Ladies, if you haven’t read Dr. Louann Brizendine’s latest article for CNN, you must! She just released her latest book, The Male Brain which I’m going to have to get. Dr. Brizendine is a member of the American Board of Psychiatry and Neurology and the National Board of Medical Examiners, and a clinical professor of psychiatry at the University of California, San Francisco. She is also the founder and director of the Women’s Mood and Hormone Clinic.
Here are some highlights that I found fascinating:
Staring at Breasts:
All that testosterone drives the “Man Trance”– that glazed-eye look a man gets when he sees breasts. As a woman who was among the ranks of the early feminists, I wish I could say that men can stop themselves from entering this trance. But the truth is, they can’t. Their visual brain circuits are always on the lookout for fertile mates. Whether or not they intend to pursue a visual enticement, they have to check out the goods.
Perhaps the biggest difference between the male and female brain is that men have a sexual pursuit area that is 2.5 times larger than the one in the female brain. Not only that, but beginning in their teens, they produce 20 to 25-fold more testosterone than they did during pre-adolescence.
If testosterone were beer, a 9-year-old boy would be getting the equivalent of a cup a day. But a 15-year-old would be getting the equivalent of nearly two gallons a day. This fuels their sexual engines and makes it impossible for them to stop thinking about female body parts and sex.
Studies of men’s faces show that the male brain’s initial emotional reaction can be stronger than the female brain’s. But within 2.5 seconds, he changes his face to hide the emotion, or even reverse it. The repeated practice of hiding his emotions gives men the classic poker face.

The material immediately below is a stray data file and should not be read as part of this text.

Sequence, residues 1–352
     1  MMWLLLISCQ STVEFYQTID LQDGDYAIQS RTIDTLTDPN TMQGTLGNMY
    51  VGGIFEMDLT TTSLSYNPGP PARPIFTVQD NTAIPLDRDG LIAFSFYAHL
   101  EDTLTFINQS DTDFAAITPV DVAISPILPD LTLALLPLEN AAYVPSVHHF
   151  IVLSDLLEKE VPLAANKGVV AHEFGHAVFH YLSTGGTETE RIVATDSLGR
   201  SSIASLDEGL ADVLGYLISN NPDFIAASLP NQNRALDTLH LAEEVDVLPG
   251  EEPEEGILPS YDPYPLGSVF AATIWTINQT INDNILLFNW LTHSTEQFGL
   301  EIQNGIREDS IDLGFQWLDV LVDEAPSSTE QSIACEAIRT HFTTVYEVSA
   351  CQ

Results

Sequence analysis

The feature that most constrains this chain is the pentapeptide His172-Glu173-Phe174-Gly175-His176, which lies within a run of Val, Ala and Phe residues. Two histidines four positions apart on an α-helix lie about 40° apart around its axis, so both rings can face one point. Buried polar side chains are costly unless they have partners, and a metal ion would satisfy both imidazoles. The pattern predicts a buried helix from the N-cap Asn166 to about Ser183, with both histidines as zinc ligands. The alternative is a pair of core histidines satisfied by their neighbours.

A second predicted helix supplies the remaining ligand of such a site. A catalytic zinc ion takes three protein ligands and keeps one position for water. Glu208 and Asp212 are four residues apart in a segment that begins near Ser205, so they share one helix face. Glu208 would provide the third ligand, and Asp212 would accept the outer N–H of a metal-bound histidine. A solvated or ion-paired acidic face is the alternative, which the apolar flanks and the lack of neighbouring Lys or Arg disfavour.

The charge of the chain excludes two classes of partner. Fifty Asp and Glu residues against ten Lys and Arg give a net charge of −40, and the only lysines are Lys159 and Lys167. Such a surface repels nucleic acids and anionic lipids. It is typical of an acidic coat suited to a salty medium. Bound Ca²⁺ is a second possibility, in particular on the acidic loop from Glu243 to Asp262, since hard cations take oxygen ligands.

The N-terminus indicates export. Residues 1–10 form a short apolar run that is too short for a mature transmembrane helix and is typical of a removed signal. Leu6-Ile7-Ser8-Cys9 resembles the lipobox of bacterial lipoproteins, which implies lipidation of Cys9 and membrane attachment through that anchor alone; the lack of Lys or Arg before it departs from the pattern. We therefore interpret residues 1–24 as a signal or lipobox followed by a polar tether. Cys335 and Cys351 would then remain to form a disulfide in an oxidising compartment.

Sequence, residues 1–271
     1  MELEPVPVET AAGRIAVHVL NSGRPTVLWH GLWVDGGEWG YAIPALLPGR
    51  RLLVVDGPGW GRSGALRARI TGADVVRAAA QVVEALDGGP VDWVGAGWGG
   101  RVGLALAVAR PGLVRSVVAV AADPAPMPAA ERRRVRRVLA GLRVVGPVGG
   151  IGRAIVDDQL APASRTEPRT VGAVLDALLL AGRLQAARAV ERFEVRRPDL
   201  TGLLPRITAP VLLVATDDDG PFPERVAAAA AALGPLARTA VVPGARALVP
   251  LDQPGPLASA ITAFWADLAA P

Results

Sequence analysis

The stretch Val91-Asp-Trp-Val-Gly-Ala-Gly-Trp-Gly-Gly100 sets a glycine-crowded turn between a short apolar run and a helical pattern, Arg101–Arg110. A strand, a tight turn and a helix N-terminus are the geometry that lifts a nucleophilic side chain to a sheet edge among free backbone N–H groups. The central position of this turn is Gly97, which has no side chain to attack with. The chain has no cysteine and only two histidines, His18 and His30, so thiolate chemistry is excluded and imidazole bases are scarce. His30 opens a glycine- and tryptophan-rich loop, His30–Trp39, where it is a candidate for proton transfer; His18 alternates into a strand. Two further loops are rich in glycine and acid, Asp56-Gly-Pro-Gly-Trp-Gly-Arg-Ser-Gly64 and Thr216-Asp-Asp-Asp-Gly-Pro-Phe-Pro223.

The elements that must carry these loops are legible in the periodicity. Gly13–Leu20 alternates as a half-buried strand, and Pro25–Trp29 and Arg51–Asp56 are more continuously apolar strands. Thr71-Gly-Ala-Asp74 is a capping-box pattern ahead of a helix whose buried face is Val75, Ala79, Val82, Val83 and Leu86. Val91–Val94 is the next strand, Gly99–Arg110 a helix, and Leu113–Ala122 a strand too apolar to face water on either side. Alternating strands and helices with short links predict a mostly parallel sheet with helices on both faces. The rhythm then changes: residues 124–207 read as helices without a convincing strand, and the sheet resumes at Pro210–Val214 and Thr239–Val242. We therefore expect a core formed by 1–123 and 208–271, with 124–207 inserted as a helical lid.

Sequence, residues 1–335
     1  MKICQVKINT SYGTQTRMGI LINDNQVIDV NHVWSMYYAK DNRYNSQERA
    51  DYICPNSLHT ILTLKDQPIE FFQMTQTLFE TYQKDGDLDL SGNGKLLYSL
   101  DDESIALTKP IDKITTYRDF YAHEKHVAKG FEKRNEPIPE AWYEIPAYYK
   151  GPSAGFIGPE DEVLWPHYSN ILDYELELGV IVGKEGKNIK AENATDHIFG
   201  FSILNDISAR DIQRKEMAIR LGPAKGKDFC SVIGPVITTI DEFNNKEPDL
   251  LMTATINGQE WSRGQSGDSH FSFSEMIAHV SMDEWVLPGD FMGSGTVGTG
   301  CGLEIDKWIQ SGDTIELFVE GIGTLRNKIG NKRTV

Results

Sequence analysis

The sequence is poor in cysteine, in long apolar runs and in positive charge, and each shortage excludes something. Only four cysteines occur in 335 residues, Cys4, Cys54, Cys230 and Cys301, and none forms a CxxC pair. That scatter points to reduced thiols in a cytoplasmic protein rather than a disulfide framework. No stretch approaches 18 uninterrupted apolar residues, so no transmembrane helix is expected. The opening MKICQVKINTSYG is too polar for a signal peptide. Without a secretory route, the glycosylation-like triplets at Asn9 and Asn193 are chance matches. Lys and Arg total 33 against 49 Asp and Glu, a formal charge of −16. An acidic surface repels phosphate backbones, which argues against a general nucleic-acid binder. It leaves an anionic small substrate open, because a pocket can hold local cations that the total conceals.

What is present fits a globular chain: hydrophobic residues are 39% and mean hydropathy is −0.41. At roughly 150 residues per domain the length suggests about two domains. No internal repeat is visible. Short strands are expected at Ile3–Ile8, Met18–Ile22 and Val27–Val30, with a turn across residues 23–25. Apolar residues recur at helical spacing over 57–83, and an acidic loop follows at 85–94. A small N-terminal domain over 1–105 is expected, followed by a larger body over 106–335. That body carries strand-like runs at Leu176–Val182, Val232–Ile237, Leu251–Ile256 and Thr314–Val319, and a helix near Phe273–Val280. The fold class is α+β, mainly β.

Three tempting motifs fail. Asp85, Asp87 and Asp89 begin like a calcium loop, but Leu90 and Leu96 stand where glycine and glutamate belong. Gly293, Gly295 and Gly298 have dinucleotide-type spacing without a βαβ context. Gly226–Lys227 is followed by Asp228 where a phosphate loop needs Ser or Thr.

It’s his poker face and his analytical response to personal problems that can put him in the doghouse. She’s crying as she talks about what’s wrong with the relationship, and instead of hugging her, his mind is racing to find a way to resolve the problem as soon as possible. With practice and because of the way their brains are wired, men use their analytical brain structures, not their emotional ones, to find a solution.
When his mate becomes pregnant, she’ll emit pheromones that will waft into his nostrils, stimulating his brain to make more of a hormone called prolactin. Her pheromones will also cause his testosterone production to drop by 30 percent.
These hormonal changes make him more likely to help with the baby. They also change his perceptual circuitry, increasing his ability to hear a baby cry, something many men can’t do very well before their wives are pregnant.
And a word to the wise for all the young mothers who are reluctant to let your husbands hold and care for your newborn. The more hands-on care a father gives his infant, the more his brain aligns with the role of fatherhood. So, hand over the baby.
As women, we’re always trying to figure out men, and how they think. This book sheds light on why men behave as they do, and how they are wired so differently from us. I highly recommend this book!
– Miss A